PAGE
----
“That's the most important thing I do,” he said in a Phillips Exeter Academy alumni profile several years ago. “This is Joey's legacy.”
Mr. O'Donnell, whose vast assets included stadium interests, a venture capital firm, a marketing agency and a ski resort, was 79 when he died of cancer Sunday at his home in Boston.
His fundraising drives scientific advances and “led to breakthrough treatments that are changing the lives of tens of thousands of people with cystic fibrosis around the world today,” the Cystic Fibrosis Foundation said. said Dr Michael Boyle, chief executive of “Without Joe, these innovative medicines would not exist.”
Mr. O'Donnell first built his business empire with the Boston Culinary Group, which provides concessions to stadiums and other venues across the country, but has since branched out into numerous other businesses. But when questioned, he often smiled, shrugged his shoulders and said he sold popcorn and candy.
When Boston Magazine named O'Donnell at the top of its 2006 list of “100 People Who Run This Town,'' a friend joked that he owned 4 percent of everything. He said that there is.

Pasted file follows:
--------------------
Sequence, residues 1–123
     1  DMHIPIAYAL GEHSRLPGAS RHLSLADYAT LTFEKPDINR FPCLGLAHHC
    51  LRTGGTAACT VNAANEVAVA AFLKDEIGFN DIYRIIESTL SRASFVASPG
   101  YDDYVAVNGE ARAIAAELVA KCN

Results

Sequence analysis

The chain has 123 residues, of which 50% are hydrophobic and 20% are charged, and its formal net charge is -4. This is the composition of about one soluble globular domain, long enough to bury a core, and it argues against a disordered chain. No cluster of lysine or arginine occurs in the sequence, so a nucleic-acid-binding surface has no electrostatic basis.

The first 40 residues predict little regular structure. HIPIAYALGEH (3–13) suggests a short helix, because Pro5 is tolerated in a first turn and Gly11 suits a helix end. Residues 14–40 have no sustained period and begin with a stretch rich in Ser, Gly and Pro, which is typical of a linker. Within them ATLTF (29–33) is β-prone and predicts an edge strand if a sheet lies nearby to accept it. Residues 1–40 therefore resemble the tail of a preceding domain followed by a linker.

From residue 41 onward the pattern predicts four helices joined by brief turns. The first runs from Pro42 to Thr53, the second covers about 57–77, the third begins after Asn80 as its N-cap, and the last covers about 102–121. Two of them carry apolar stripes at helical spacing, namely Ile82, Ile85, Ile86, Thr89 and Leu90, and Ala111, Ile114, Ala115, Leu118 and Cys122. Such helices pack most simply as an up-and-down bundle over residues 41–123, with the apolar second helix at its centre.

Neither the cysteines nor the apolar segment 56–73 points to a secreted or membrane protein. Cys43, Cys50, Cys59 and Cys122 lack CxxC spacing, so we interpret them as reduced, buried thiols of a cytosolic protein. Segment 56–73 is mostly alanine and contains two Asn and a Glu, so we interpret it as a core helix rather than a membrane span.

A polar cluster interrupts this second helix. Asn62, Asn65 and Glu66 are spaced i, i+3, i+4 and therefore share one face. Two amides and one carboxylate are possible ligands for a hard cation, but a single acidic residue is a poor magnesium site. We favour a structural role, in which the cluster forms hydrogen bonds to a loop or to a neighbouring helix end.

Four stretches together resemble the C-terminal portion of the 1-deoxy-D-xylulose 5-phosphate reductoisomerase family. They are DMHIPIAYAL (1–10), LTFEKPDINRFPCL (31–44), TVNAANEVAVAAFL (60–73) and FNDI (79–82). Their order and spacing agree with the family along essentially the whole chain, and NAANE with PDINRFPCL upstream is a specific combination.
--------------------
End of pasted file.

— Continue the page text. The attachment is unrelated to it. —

High on his list of other full and partial ownership interests were private equity groups Belmont Capital, Allied Global Marketing, and Suffolk Downs Racetrack.
“He could digest the most complex spreadsheets in minutes,” said Mike Sheehan, a friend and former Globe CEO who was a partner in some of Mr. O'Donnell's businesses. “But his real talent was his x-ray vision. He could see through numbers to people behind him. And if he sensed the slightest flaw in character, there was no deal.” ”
Mr. O'Donnell was an informal advisor to mayors, governors, and former President George W. Bush, a friend from their days at Harvard Business School.
“Joe O'Donnell was a great man and a loyal friend. He had a big heart and a good laugh,” Bush said in an email. “His love for Boston was only overshadowed by his love for his family and friends.”